« Don't sneeze @ genes  Gene Expression Front Page  Breaking news! Human populations differ genetically!!! »  
January 08, 2004
Why Is Probability So Hard?
I am going to pull out some familiar chestnuts here. If you have not heard these puzzles before, then good, you may find them interesting. If you have heard them before, even better. First, let's start with something obvious. If you toss a fair coin once, does the result tell you anything about the result of the next toss? No. Which leads to... The Twin Paradox A mother pushing a pair of nonidentical twins in a baby carriage calls you over. She tells you that one of them is a boy. What is the probability that the other child is a boy? And this is generally where the instructor gets to condemn everyone who answers 1/2. Here are the possible sex groupings of the twins: Only number 4 can be ruled out. Therefore the chance of there being two boys is 1/3, not 1/2. The Game Show Paradox On a game show there are three curtains. Behind two of the curtains are goats. Behind the other curtain is a Ferrari. The contestant has to choose one of the curtains to open, and he gets whatever is behind that curtain. So Bob the contestant picks a curtain to open. Before it is opened, however, Pat the host opens another curtain, showing the goat behind it. He then gives Bob the opportunity to switch curtains. Should Bob switch? And this is generally where the instructor gets to condemn anyone who says it doesn't matter. When Bob picked the first curtain, there was a 1/3 chance that the Ferrari was behind it, and a 2/3 chance that it was behind another curtain. So it is obvious that if he stays with the curtain he is at there will only be a 1/3 chance of winning the Ferrari. But if he switches, he will have a 2/3 chance. No Good At Probability? Nearly everyone's gut feeling was 1/2 and 'doesn't matter' respectively. This proves we're no good at probability, right? Not so fast. There is actually a good reason for our gut feelings. And it is the same reason in each case. Let's go back to the twins. Scenario A: Imagine that you had a great many mothers and their twins together in a room. You collect all of the mothers who could can truthfully say "one is a boy." This is 3/4 of the mothers. Then you check the sex of either one of children and record your results. Scenario B: Imagine instead the same situation, except this time you ask the mother to tell you the sex of either one of the children. When the mother says "boy" – true for 1/2 of the mothers – you then check the sex of either one of the children. So here is the secret to the twin paradox: We solved the twin paradox as A, but B was how we heard it. B is a narrative – in other words a sequence of events. That is how we tell stories. The twin paradox was presented as a narrative. For want of a better term, A can be referred to as a description of a system. That is how we usually set up mathematics problems. We describe a system and then solve it. The twin paradox was solved in this manner. The game show paradox is exactly the same. Scenario A: Imagine a game show where the host knows where all of the prizes are. When a contestant picks one curtain, the game show host will always pick out one of the other curtains where a goat is. Scenario B: Imagine a game show where the host knows nothing about the prizes. When a contestant picks one curtain, the game show host will pick a curtain at random and show what is behind it. We solved the game show paradox as A, but B was how we heard it. So this is not a problem of being good at probability or not. Our minds solve these problems just fine. It is a matter of language being too inexact to specify to our mind just which problem it should be working on.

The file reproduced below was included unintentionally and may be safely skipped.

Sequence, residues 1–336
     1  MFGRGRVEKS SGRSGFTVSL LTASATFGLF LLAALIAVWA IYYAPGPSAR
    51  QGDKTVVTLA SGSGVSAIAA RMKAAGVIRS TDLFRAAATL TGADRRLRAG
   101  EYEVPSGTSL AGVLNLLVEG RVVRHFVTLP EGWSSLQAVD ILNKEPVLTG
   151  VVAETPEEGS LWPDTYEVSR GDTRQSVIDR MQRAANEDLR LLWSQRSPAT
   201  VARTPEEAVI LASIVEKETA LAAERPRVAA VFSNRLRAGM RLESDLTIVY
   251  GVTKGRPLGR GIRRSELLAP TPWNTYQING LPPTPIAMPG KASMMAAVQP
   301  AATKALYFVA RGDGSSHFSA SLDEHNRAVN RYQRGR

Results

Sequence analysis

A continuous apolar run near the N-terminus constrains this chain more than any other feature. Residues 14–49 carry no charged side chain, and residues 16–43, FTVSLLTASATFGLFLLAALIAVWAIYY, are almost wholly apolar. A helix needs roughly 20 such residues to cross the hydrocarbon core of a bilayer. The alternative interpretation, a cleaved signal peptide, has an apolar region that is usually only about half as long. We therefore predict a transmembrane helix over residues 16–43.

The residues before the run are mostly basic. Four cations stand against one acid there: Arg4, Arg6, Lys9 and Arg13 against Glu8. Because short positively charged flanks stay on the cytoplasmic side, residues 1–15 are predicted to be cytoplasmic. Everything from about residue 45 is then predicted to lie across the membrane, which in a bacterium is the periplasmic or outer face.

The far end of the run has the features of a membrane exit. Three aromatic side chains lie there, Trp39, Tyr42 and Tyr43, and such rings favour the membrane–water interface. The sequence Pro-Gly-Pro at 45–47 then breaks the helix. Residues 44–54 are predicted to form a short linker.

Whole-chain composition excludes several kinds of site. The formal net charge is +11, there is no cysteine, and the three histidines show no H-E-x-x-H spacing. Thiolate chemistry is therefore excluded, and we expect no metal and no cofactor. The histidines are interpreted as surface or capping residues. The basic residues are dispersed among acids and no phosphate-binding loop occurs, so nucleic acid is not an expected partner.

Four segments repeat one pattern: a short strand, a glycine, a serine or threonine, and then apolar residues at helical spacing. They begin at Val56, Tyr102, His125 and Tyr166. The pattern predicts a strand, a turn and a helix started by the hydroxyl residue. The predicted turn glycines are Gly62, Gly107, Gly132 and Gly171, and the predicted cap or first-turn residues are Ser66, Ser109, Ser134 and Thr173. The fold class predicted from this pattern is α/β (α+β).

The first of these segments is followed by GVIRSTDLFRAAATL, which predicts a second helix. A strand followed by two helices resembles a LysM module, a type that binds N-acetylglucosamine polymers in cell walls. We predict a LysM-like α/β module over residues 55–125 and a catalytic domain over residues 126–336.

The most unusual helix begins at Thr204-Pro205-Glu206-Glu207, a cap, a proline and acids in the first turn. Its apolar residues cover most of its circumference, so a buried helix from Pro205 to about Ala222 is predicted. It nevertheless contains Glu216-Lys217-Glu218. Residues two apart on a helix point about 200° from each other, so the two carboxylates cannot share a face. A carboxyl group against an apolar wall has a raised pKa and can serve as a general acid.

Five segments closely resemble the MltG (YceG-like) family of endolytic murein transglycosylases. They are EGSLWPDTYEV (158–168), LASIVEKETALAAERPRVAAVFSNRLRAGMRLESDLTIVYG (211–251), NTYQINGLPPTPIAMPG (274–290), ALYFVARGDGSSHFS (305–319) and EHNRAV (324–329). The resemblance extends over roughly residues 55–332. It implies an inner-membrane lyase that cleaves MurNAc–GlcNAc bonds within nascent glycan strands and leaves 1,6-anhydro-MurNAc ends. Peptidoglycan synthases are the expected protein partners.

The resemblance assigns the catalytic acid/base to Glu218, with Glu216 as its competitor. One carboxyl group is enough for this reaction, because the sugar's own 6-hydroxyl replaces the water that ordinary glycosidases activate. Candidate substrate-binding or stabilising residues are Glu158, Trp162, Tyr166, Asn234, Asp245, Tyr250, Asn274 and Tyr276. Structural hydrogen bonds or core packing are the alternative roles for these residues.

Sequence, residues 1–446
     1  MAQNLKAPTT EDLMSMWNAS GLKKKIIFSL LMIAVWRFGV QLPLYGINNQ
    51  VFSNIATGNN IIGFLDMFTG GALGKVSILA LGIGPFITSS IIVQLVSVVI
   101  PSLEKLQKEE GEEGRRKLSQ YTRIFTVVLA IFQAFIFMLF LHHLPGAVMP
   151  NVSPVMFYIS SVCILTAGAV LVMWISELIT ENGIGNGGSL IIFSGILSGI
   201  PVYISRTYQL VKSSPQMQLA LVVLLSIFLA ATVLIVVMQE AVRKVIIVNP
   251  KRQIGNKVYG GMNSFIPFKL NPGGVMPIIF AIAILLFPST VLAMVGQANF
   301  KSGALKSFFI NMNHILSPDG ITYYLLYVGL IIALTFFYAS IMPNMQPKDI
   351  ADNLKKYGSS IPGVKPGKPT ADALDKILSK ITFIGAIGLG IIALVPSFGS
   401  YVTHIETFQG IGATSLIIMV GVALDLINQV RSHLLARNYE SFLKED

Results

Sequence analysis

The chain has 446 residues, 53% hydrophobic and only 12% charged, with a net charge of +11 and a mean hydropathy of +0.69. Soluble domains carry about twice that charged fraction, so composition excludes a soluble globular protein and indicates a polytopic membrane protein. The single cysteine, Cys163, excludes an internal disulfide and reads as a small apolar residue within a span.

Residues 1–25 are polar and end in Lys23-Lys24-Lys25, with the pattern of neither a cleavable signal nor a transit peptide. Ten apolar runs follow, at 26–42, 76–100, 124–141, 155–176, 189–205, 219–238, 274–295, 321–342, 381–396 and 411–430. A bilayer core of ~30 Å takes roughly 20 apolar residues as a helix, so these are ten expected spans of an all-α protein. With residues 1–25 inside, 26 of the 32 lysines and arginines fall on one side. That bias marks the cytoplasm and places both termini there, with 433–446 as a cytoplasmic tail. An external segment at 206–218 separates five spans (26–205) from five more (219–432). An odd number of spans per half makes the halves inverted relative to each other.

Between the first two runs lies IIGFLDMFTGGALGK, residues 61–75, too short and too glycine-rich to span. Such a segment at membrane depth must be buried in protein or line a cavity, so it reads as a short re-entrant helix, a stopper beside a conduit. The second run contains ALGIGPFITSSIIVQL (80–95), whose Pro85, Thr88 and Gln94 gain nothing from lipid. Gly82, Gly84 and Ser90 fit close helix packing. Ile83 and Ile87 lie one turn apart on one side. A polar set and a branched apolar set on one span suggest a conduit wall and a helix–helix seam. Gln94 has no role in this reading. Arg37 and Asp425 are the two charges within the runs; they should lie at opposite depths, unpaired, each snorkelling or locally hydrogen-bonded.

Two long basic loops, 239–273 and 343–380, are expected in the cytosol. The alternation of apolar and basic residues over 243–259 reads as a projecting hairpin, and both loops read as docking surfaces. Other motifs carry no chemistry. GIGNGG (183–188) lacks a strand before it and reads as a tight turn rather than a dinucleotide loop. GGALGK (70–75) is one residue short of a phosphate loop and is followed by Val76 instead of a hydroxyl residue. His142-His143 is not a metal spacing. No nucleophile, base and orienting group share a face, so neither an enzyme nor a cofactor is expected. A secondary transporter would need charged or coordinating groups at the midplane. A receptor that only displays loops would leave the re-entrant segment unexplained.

Posted by Thrasymachus at
11:12 PM